Finally, broken, lonely and without any self respect I fell on my face and cried out to God. I did not know what to say except that I needed help and I was tired. I didn’t know it at the time but the healing had begun. My mom asked me if I had repented and I said I had. She cried but I had told her that before so I know there had to be some doubt. I began to study and spend time in fervent prayer. I realized the lies I had been told in the gay community. I was not born gay. Rather the same-sex attractions had developed in me over a period of time. I also realized that it was not my fault. My mom found out about a local chapter of Exodus in Columbia. I decided to call them and thus began a relationship with a wonderful couple that continues to this day.
Several years ago I had met a young lady at a high school football game whose enthusiasm for the game matched mine. One Friday night I saw her come in to the stadium and somehow I ended up sitting beside her. We made some small talk and then I just asked if I were to ask her out would she go. She said “oh sure.” Thanksgiving was approaching and I found out she was not planning on visiting her home in Virginia. With some hesitance she agreed to share Thanksgiving with my family. Neither of us knew for sure if it was a date of not. After the meal and family time we went to a movie. We drove her home and I walked her to her porch. We had that awkward moment when you are not sure if you are to kiss but we did. I returned to my car and the Hallelujah Chorus was playing on the radio. I told her about it but she didn’t believe me. Our next date was the next Friday night. After I kissed her I returned to my car and once again the Hallelujah Chorus was playing. I made her come to the car and listen to it with me. I think I knew then that she was the woman God had for me.
I decided that the time had come to tell her about my past… Following a New Year’s gathering I spoke to her. All I said was that I was involved in the gay lifestyle for many years, but that I had repented and was now seeking God’s direction in my life. I will never forget her reaction. She simply put her little finger to my lips and said “God forgives you as far as the east is from the west. Who am I to do to any less?” I had never been told anything like that that in my life.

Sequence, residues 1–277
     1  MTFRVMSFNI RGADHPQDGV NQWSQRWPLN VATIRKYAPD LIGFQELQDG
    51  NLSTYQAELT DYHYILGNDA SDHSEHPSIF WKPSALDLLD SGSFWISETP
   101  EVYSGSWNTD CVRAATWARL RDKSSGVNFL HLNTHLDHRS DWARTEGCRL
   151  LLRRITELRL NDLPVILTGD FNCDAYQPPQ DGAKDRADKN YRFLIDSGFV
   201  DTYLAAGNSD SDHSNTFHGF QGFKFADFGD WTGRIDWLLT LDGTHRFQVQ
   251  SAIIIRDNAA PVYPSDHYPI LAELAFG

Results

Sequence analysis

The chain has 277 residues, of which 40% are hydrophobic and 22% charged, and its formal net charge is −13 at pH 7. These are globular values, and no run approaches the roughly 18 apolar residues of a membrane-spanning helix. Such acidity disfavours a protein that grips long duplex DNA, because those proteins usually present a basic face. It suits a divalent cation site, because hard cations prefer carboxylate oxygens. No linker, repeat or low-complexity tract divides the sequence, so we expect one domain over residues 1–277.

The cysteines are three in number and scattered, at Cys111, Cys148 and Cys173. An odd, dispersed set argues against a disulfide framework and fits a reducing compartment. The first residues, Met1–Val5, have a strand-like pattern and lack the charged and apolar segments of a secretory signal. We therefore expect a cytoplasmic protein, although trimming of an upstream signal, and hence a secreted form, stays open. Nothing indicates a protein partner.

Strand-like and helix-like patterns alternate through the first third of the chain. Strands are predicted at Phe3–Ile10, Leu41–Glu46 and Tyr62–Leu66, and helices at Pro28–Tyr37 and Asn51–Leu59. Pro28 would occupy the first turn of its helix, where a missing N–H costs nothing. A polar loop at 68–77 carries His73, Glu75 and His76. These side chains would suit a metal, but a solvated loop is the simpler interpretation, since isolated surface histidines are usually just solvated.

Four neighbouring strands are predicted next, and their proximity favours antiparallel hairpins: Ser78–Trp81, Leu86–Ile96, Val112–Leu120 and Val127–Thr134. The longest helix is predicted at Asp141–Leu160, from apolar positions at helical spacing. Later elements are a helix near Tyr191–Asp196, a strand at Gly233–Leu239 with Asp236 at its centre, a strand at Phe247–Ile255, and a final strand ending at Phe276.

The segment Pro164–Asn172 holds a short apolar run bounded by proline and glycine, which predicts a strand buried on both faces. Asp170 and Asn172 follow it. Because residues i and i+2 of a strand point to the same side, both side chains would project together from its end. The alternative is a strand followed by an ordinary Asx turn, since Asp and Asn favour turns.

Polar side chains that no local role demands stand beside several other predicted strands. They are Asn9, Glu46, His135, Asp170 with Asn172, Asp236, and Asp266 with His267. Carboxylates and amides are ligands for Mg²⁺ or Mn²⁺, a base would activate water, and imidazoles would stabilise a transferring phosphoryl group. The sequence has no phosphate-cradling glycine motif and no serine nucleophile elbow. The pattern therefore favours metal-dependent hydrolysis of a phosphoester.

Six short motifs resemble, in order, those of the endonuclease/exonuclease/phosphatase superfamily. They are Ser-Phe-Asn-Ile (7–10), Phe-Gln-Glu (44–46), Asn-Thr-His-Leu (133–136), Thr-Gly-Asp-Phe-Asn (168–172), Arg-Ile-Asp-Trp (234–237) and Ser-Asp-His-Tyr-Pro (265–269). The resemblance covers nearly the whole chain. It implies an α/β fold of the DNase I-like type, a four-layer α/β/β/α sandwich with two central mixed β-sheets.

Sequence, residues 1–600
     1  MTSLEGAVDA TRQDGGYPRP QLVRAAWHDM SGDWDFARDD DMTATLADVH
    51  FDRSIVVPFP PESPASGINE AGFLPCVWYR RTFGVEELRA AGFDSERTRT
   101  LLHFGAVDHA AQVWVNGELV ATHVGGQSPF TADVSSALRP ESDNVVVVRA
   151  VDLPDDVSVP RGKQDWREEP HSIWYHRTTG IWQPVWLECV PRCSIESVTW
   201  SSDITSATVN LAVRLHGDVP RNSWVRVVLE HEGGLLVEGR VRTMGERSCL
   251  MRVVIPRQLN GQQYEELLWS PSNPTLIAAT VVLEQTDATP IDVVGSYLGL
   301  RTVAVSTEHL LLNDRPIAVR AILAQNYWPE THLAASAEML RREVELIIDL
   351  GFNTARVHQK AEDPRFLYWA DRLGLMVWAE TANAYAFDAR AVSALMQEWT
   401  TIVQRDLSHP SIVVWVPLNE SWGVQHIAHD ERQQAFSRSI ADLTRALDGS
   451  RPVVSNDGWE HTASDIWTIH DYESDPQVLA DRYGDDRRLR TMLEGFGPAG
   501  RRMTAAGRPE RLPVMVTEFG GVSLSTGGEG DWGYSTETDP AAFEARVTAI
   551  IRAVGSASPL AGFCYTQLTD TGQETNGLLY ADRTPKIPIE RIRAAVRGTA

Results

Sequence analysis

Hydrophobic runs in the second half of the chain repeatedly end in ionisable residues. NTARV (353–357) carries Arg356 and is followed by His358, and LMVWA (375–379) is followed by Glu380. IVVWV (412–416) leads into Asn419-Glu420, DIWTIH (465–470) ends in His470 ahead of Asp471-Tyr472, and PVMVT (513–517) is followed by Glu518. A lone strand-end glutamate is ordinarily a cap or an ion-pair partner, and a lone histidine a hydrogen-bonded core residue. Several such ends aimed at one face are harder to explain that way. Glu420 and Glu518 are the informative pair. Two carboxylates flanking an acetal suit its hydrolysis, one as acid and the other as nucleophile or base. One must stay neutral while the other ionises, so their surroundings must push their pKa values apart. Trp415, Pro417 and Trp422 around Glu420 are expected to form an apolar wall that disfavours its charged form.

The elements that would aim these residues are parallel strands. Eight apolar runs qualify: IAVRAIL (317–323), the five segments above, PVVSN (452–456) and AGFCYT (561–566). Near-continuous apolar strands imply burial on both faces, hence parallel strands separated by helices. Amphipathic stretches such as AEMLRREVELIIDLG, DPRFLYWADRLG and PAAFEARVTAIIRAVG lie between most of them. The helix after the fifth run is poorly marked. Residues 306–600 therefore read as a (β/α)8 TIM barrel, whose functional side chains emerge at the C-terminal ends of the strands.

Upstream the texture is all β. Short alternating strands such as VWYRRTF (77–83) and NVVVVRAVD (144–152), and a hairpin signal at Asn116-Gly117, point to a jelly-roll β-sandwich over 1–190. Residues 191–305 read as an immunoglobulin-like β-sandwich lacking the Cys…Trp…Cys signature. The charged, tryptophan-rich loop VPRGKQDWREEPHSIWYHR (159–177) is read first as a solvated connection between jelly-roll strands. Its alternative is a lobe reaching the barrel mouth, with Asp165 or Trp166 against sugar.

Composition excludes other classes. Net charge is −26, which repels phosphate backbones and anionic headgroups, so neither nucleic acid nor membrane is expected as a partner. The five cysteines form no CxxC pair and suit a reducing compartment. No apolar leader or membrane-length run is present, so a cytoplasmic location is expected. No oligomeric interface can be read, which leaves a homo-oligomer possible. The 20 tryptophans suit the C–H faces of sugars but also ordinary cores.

We continued to date and attended the Exodus meetings on a regular basis. I found a lot of healing in the stories of others that were struggling with the same issues. Some were married. Most had not been involved to the degree I was in the lifestyle. But we all were seeking freedom.
I asked Emily to marry me and she said yes. As we approached our wedding day and night I began to face the fact that I had never been with a woman except for the one time that was a complete failure. I worried how I would perform as a man and what she would think of me.
Our wedding was magical. She was so beautiful and I fell in love with her all over again as she walked down the aisle. I had joined the Church Emily was attending and has already told the pastor my story. His unconditional love still amazes me… But, I still faced the wedding night. While I don’t want to get into specifics our wedding night was not successful. I now know that I had put too much pressure on myself. But, my sweet wife just held me and allowed me to cry. The following day on the way to our next stop I read a book by Christian authors about sex. Once we arrived I relaxed and the rest as they say is history.
The act of love between a man and a woman is like nothing I had ever experienced. It was all that it should be and it was because of the love of my wife and the grace of my savior. We settled into daily life. There were hard times, but, we worked through them and now I cannot imagine my life without her. Every day I thank God for her. Three years ago we decided to have a baby and on July 19, 2005 our daughter was born, one day before my birthday.
Now, I want to share my story with others. I want those involved in the gay lifestyle to know that there is freedom in Christ. Homosexuality is not a sickness, it is a trap. It is not the nice tidy life that the media shows it to be. It is empty and sad. It is a trap that one can get free from but it is not easy. There are those that say I am living a lie. I would say to them that for the first time in my life I am living the truth. I have said in the past that I am here despite the Church not because of the Church. I hope that my story will help others in the Church to realize that homosexuality is an issue that needs to be addressed. These are people that Christ died for as well. Their souls are valuable to him and he loves them. Most of them are not evil people with an agenda. Most simply want to live their lives in peace. All of them are lost and trapped by a lie that needs to be revealed. It is my prayer that my story will help with the healing process for many.